Every day I get asked to discuss how Cloud Computing impacts security architecture and what enterprise security teams should do when considering “Cloud.”
These discussions generally lend themselves to a bifurcated set of perspectives depending upon whether we’re discussing Public or Private Cloud Computing.
This is unfortunate.
From a security perspective, focusing the discussion primarily on the deployment model instead of thinking holistically about the “how, why, where, and who” of Cloud, often means that we’re tethered to outdated methodologies because it’s where our comfort zones are.
When we’re discussing Public Cloud, the security teams are starting to understand that the choice of compensating controls and how they deploy and manage them require operational, economic and architectural changes. They are also coming to terms with the changes to application architectures as it relates to distributed computing and SOA-like implementation. It’s uncomfortable and it’s a slow-slog forward (for lots of good reasons,) but good questions are asked when considering the security, privacy and compliance impacts of Public Cloud and what can/should be done about them and how things need to change.
When discussing Private Cloud, however, even when a “clean slate design” is proposed, the same teams tend to try to fall back to what they know and preserve the classical n-tier application architecture separated by physical or virtual compensating controls — the classical split-subnet DMZ or perimeterized model of “inside” vs “outside.” They can do this given the direct operational control exposed by highly-virtualized infrastructure. Sometimes they’re also forced into this given compliance and audit requirements. The issue here is that this discussion centers around molding cloud into the shape of the existing enterprise models and design patterns.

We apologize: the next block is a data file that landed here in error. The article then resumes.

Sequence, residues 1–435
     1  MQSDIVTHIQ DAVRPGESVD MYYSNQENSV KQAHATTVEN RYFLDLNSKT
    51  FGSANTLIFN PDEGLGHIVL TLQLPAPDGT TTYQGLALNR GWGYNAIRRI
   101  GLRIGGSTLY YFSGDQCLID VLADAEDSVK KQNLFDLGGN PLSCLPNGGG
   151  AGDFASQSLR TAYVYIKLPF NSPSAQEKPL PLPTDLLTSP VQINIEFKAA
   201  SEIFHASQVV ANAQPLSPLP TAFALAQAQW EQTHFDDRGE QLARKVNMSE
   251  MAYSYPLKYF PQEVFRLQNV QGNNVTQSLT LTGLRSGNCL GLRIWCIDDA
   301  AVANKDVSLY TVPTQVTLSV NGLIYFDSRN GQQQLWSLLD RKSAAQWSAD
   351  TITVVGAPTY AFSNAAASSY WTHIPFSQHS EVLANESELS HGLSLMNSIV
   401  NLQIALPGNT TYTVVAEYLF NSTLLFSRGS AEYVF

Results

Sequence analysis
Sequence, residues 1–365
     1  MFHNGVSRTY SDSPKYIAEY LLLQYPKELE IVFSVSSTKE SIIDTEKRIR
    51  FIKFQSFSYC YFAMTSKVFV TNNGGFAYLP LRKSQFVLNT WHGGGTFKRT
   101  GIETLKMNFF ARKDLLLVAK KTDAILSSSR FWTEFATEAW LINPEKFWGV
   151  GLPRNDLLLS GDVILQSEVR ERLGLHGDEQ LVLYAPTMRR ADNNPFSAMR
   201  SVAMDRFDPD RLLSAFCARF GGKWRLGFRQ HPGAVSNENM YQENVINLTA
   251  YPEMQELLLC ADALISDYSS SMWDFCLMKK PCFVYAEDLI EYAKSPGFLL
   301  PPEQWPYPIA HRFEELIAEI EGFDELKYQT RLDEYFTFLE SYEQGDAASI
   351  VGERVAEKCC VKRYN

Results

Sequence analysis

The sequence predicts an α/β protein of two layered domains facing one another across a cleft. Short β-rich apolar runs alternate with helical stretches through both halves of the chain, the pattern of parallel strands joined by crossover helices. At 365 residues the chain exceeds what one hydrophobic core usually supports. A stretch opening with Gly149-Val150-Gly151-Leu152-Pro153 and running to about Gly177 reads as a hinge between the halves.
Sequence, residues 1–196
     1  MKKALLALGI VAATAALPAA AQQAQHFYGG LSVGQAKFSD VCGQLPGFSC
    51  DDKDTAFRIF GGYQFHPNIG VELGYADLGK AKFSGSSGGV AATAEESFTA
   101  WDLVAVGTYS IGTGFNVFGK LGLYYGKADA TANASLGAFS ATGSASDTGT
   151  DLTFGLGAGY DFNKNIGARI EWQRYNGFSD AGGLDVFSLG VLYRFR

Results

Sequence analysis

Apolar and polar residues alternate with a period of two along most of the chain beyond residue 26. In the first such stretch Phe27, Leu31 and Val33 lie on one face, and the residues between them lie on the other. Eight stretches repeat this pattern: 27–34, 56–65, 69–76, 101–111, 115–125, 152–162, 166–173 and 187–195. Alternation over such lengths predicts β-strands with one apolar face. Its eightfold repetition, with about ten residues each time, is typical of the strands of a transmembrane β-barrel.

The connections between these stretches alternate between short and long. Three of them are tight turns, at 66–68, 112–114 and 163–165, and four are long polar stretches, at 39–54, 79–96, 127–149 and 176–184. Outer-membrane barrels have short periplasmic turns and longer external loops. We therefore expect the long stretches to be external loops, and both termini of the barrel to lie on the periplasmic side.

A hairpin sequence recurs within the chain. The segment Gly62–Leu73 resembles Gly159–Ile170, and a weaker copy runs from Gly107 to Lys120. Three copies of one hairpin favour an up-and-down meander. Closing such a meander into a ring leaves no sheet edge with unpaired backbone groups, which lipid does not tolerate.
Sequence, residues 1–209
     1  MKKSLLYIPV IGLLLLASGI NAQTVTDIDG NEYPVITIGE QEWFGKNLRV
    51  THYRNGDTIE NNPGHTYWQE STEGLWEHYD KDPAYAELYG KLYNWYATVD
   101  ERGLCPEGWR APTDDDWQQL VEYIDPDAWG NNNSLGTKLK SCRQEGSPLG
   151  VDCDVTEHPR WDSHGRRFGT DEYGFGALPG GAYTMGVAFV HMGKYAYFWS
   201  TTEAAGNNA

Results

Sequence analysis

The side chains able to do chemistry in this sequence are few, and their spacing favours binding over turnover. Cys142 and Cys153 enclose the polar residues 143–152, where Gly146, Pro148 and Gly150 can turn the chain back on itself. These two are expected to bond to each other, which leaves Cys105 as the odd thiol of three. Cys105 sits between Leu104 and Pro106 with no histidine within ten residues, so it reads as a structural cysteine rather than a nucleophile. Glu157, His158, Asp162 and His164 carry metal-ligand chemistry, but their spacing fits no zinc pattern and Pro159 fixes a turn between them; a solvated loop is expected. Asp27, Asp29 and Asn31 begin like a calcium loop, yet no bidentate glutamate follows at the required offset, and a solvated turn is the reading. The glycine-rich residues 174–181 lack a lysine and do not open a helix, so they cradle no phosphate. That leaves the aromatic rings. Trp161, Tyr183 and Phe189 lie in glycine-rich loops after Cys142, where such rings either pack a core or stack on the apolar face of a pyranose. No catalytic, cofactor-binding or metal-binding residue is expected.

This is an issue; trying to simultaneously secure these diametrically-opposed architectural implementations yields cost inefficiencies, security disparity, policy violations, introduces operational risk and generally means that the ball doesn’t get moved forward in protecting the things that matter most.
Public Cloud Computing is a good thing for the security machine; it forces us to (again) come face-to-face with the ugliness of the problems of securing the things that matter most — our information. Private Cloud Computing — when improperly viewed from the perspective of simply preserving the status quo — can often cause stagnation and introduce roadblocks. We’ve got to move beyond this.
Public Cloud speaks to the needs (and delivers on) agility, flexibility, mobility and efficiency. These are things that traditional enterprise security are often not well aligned with. Trying to fit “Cloud” into neat and tidy DMZ “boxes” doesn’t work. Cloud requires revisiting our choices for security. We should take advantage of it, not try and squash it.
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